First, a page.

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An endless number of tools can assist with content creation, whether you're finding the right topic, optimizing your copy, or promoting it. As well as being great time-savers, such tools often provide useful data.

But we sometimes run the risk of becoming overdependent on them. It's easy to slip into autopilot and stick with the content drafting processes we're familiar with, but in doing so you could be overlooking valuable insights a little closer to home.

Your sales team may not be the first port of call when you're writing content (especially in a remote or hybrid working world), but salespeople are often ideal for helping with content. Sales speaks with your prospects more frequently than other departments do, and it best understands what prospects and customers need.

Moreover, working more closely with your sales team provides not only inspiration but also another outlet for promoting your content.

Sales Holds All the Secrets

In marketing, we spend a lot of time researching and studying our potential audience, but little to no time actually interacting with them. The most elaborate customer persona diagrams in the world can never compare with having actual conversations with real people on a daily basis.

Your salespeople know what your audience genuinely cares about, what challenges they face, what type of content they prefer to consume, and—most important—what holds them back. Those are the kind of insights that a piece of tech could never provide; therefore, they should be shaping the content you create.

Furthermore, your salespeople have individual relationships with your customers, and they can share your content with them directly.

Sales Can Fuel Content Ideas

I've often found that the best content brainstorming sessions come when you invite people from different areas of the business, especially Sales. Establishing what prospects' most frequently asked questions are can give you a starting point for blog posts, Q&A style on-page content, or even the beginnings of a PR campaign. Uncover insights your salespeople already have, as well as any common gaps in their knowledge.

Another piece of information that's really useful to extract is whether there are any frequent barriers to closing a sale. That's where your content can arguably have the biggest impact from a commercial perspective. When you understand those barriers, you can plan content and messaging that works to overcome them, whether by working with the content on your site or finding new case studies that show how such issues are resolved.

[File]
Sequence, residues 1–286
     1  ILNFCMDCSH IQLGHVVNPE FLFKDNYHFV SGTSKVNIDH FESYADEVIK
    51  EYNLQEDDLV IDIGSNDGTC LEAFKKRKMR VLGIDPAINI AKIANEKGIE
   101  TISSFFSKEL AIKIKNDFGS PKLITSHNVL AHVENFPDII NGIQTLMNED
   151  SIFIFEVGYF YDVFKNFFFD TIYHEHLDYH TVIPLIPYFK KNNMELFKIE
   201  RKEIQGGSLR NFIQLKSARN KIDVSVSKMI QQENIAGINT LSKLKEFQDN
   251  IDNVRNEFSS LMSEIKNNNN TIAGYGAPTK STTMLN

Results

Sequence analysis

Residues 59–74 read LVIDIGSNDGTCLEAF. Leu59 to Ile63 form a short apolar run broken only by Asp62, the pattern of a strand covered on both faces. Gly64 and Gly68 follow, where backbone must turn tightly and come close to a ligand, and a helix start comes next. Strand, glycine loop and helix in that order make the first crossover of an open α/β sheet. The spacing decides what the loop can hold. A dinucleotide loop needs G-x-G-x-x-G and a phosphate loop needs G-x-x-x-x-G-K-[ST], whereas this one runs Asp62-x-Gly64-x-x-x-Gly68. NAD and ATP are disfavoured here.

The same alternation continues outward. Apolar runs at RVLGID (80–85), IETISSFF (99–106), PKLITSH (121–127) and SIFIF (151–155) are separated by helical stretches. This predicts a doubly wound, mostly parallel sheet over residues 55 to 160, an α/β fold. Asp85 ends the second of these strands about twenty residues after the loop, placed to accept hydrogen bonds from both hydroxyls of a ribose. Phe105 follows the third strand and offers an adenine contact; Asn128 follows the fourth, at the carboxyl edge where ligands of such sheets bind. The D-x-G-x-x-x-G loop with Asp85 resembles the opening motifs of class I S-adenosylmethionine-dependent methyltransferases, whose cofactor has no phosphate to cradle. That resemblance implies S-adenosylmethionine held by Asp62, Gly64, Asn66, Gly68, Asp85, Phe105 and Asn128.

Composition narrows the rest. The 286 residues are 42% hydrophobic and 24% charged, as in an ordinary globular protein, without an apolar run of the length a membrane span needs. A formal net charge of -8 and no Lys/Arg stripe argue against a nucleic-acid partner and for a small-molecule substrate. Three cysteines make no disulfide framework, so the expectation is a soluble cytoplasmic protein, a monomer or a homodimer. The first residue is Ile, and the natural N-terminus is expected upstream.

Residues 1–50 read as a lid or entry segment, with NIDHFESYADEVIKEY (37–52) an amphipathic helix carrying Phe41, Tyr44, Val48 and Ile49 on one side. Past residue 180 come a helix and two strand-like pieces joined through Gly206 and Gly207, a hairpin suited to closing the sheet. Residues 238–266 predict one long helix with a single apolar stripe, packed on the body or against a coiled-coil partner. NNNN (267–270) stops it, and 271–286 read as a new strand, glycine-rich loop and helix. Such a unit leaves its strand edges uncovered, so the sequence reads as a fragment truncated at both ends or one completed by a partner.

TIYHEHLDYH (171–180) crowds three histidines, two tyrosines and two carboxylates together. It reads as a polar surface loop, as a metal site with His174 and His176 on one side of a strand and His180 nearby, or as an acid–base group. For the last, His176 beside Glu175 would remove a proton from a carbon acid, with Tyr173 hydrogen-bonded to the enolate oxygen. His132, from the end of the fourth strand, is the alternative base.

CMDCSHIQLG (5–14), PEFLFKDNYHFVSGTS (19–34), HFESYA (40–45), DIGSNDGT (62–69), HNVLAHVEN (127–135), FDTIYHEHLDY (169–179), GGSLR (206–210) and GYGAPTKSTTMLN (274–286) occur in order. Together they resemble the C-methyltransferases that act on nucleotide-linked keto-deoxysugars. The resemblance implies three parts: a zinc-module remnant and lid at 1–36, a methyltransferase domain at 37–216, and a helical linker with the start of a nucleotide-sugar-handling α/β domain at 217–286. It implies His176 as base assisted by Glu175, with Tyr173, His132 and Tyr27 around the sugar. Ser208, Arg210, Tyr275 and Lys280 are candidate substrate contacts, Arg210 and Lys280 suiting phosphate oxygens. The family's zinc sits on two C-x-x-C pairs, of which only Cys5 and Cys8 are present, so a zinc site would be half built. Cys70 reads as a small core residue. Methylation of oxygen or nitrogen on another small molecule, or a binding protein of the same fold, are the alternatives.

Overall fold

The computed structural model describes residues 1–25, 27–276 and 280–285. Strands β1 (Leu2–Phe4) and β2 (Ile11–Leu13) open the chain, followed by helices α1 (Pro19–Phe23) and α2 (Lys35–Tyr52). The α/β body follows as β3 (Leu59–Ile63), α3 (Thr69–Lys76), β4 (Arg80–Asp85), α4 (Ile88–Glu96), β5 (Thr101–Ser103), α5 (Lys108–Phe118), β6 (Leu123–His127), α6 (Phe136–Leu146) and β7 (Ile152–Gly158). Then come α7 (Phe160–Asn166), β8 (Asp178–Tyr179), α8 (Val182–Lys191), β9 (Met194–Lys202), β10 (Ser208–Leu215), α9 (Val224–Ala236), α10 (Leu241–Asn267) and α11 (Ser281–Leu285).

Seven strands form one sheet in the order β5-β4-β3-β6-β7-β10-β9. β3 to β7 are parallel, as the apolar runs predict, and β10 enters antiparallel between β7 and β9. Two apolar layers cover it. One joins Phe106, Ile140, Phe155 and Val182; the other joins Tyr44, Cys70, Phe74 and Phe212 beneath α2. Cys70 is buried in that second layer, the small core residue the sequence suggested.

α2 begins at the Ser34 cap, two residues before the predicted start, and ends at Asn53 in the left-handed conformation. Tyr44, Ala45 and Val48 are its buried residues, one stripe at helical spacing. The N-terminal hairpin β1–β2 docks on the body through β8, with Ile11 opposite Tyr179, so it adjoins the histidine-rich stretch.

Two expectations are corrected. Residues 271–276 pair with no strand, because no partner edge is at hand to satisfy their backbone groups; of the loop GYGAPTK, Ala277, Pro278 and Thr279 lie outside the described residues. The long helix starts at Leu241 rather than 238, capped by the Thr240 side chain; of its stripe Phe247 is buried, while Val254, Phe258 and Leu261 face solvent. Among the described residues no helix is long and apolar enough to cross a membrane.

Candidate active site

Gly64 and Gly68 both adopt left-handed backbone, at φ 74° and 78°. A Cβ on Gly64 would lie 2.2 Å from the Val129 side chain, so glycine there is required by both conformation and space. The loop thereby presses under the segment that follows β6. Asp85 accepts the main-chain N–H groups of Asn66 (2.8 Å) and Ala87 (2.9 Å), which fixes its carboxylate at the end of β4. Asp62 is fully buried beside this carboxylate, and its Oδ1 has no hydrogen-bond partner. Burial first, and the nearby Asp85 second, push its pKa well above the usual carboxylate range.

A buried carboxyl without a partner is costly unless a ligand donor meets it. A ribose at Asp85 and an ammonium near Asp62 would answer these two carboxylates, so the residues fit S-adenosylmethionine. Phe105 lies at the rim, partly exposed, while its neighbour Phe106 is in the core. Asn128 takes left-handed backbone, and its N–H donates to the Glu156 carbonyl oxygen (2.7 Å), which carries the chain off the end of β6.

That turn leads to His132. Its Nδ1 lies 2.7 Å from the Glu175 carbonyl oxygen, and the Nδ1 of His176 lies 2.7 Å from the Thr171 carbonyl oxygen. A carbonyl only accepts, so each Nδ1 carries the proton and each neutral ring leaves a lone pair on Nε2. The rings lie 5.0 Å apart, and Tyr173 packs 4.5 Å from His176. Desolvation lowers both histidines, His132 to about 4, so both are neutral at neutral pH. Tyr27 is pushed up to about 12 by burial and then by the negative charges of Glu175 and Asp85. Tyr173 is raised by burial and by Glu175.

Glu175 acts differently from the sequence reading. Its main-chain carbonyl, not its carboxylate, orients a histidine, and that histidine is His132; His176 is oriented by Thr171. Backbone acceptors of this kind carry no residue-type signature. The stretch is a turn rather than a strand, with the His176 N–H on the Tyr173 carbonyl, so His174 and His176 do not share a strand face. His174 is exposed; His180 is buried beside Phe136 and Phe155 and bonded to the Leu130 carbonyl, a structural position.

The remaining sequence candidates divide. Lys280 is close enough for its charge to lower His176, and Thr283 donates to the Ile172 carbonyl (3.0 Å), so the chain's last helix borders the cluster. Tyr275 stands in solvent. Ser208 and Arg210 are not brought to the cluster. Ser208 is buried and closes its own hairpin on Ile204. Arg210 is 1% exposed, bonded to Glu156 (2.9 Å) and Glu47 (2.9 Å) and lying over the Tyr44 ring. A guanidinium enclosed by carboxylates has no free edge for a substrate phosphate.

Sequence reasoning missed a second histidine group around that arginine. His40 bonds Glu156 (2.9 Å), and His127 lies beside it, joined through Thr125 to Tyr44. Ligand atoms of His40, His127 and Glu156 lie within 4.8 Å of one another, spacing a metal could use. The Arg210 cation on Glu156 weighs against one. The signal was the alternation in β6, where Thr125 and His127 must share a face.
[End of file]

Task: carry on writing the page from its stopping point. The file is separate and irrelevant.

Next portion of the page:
What's more, your sales team often has information on your competitors that goes beyond the numbers you'll find in a standard tool. Through their daily conversations, they know what companies your prospects are talking to, what content they're reading, and which competitors are stronger than you—and in which areas.

The connection between Sales and content should provide as much benefit for your sales team as it does for you. While you're getting a free source of content inspiration and insights, they're being provided with assets that are more relevant for their pipeline.

Using Your Sales Team to Promote Your Content

People often react better when content comes from an individual person than from a brand. That's true of several types of content, from emails to blog posts to social media. Your salespeople may have social media followings that are heavily made up of your target audience, so it makes sense to take advantage of that.

Think how often you ask the rest of your marketing team to share company blog posts across their personal LinkedIn accounts. Do you ever ask the sales team to do so? Keep salespeople in the loop when new content goes live, as they may well be looking for suitable content to share.

Think about other useful contacts Sales could have that you'd like to get your content in front of. Those interactions could be casual—following up on a phone call with a prospect via email with a piece of content relevant to the conversation, for example. You may even be able to create bespoke pieces your business development team can share with prospects.

How to Begin the Relationship Between Sales and Content

Including key members of your sales team in your regular planning sessions is a good way to kick-start the relationship between Sales and content marketing. Or, you could flip it around and occasionally sit in on a sales team meeting. The latter can be especially interesting because sometimes information that doesn't seem significant to others can spark a new content idea.

If time is an issue, simply being included in the circulation of notes taken from team meetings can be useful. You may also want to run marketing plans past the sales team before implementing them, in the same way you might seek buy-in from other departments.

Finally, get in the habit of keeping the business development team abreast of content that's going live so they can help promote it.

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Sales and Marketing are ultimately working toward the same goal, so it's logical to share insights. Take advantage of the close relationship your salespeople have with your audience—they're the content tool your marketing team needs.

More Resources on the Relationship Between Sales and Content Marketing

How to Enable Sales With Content Marketing

How to Align Sales and Content Marketing Teams

Creating Deal-Closing Content: The Pivotal Role of Conversation Intelligence

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ABOUT THE AUTHOR

image of Kerry Sheahan

Kerry Sheahan is the senior account manager at Browser Media, an SEO and digital marketing agency.

LinkedIn: Kerry Sheahan